Poynter Report: Educators Value Digital Skills More Than Professionals Do

    by Howard Finberg
    April 30, 2014
    Image courtesy of Flickr user Hades2k

    Educators say they think digital skills are important, but how likely is that journalism schools and programs are actually teaching students those skills? Are those journalism programs teaching the skills that will ensure their students’ success in a multiplatform, multimedia ecosystem?

    I worry that educators have made only the first step toward change: they’ve acknowledged that there new skills to be taught. I worry that many programs are still mired in the print/broadcast era.

    The real challenge is to find ways that both educators and professionals can strengthen journalism education.

    Professionals are less likely than educators to say digital skills are important, so what does that mean for the future of legacy media organizations? Why are those professionals not embracing digital skills?

    Image courtesy of Flickr user Vincent Maher,

    Image courtesy of Flickr user Vincent Maher.

    I worry that professionals are so chained to the daily “feed the beast” machine that they don’t have the wider perspective to help them imagine a different (and digital) potential for legacy media.

    These are among the interesting questions and concerns raised by a new Poynter Institute study released this month comparing how professionals and educators ranked 37 core skills.


    Educators want digital skills

    The Poynter report, “Core Skills for the Future of Journalism,” indicated that educators who responded to the survey placed greater importance on digital skills than did professionals. For example:

    • When it comes to the skills needed to record and edit video, fewer than half (46 percent) of the professionals who responded said that ability was important to very important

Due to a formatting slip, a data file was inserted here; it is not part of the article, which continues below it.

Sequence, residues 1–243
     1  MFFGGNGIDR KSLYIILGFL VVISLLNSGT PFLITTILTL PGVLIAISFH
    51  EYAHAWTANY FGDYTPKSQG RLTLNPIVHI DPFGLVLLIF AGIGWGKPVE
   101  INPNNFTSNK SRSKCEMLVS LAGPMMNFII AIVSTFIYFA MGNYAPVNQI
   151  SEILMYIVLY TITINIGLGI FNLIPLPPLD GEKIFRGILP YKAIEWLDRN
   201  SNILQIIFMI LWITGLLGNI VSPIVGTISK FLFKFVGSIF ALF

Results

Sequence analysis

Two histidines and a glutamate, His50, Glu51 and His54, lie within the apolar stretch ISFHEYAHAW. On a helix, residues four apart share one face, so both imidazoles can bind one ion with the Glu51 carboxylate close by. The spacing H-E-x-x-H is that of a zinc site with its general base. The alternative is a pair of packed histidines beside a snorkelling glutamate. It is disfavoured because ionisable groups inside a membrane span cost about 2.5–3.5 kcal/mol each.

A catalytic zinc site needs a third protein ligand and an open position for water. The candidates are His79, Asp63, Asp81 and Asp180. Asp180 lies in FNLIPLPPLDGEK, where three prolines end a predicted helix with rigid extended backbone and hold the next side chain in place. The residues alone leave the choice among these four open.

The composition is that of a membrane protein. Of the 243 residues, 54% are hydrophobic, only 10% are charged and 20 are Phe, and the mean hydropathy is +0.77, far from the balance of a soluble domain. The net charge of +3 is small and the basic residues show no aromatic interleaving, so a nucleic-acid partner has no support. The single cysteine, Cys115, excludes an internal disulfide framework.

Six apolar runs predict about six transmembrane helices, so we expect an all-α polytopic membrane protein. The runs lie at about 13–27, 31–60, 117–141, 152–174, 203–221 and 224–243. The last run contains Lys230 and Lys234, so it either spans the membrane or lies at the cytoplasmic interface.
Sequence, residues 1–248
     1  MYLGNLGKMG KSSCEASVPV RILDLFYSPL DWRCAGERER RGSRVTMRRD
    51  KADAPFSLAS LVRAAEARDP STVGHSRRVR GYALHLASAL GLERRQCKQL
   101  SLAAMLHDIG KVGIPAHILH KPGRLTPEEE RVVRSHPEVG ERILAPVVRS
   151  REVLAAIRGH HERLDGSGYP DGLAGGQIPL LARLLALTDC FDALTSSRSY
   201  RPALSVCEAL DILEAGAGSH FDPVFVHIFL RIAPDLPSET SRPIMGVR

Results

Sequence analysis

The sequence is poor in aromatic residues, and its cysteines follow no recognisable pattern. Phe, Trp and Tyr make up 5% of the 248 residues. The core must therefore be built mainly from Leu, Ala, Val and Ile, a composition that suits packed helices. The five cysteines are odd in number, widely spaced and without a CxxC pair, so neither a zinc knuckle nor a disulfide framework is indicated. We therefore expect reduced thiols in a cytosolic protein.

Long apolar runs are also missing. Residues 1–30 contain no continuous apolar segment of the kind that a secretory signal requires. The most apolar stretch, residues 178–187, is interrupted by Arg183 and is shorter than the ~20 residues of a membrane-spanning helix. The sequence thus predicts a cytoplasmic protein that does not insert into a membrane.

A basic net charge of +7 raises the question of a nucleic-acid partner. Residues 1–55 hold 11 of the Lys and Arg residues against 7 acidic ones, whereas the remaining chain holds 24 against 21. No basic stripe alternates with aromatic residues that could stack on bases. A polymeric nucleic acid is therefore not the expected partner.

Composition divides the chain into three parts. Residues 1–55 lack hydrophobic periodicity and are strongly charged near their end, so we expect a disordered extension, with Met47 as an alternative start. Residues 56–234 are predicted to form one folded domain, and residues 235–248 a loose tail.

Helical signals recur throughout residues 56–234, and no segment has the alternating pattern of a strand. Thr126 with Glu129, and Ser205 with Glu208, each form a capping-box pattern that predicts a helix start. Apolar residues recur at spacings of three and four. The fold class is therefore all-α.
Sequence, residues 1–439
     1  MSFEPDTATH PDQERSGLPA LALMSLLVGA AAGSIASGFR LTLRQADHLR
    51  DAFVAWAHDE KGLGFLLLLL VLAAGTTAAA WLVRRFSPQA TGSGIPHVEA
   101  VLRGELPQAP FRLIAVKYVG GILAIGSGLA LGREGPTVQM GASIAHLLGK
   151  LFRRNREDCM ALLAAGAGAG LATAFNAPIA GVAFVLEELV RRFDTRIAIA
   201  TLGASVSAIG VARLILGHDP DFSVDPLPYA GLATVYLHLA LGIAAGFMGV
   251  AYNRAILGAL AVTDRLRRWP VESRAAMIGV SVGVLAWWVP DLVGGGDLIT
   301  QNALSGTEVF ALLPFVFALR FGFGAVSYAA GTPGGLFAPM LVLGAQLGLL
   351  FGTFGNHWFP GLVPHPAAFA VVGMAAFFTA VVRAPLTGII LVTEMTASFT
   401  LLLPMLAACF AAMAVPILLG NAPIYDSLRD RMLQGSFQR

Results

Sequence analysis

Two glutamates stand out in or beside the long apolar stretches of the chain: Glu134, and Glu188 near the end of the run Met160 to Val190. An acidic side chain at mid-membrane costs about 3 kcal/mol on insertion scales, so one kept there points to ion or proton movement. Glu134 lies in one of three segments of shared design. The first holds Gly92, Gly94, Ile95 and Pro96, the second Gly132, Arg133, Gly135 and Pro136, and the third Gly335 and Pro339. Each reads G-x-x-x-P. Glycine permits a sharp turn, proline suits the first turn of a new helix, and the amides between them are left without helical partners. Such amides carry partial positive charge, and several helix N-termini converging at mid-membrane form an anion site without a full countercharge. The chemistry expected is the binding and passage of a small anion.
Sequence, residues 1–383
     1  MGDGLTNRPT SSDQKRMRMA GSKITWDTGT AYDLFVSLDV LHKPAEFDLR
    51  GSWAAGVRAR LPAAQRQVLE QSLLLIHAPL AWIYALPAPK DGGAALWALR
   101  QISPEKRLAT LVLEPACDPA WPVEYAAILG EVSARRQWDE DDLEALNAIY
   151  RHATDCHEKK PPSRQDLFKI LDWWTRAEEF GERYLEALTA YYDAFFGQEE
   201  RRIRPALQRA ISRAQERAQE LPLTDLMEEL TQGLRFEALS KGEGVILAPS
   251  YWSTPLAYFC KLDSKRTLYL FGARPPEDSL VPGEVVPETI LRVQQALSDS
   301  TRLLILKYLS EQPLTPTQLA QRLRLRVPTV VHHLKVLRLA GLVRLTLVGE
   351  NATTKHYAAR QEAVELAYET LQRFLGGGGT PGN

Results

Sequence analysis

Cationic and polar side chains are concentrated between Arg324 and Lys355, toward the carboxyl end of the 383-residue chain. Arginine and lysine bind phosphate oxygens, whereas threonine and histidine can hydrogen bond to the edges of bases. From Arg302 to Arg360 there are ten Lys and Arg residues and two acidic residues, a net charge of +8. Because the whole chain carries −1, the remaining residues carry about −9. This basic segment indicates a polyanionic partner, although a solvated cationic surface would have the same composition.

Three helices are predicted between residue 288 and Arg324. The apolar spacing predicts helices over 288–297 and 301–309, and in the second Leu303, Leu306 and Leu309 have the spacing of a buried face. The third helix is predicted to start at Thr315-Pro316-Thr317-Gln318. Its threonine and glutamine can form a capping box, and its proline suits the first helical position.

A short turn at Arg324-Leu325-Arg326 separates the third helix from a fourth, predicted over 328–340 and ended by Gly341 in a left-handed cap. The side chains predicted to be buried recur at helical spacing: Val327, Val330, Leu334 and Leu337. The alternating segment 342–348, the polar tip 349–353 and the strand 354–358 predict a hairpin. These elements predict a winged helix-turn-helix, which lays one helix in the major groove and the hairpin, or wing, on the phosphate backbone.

• Yet more than three-fourths of educators (76 percent) regarded this skill as important to very important

    Even photography, an essential skill given that most reporters today are equipped with smartphones or cameras, is less important to professionals than to educators:

    • 53 percent of professionals responded that the ability to shoot and edit photographs was important to very important
    • 79 percent of educators responded that photography skills were important to very important
    • Independent journalists, those working on their own or at organizations with fewer than five employees, rated this skill higher than other professionals, with 66 percent saying it was important to very important.

    Are educators teaching digital skills?

    The key question is whether schools are actually teaching the vast majority of the core skills. Have schools adjusted their curricula or are educators just saying that the digital skills are important — while not changing the curriculum? Adding a digital course or two isn’t enough.

    Karen Magnuson, editor and vice president/news at the Democrat and Chronicle Media Group in Rochester, N.Y., expressed skepticism about whether these skills are being taught: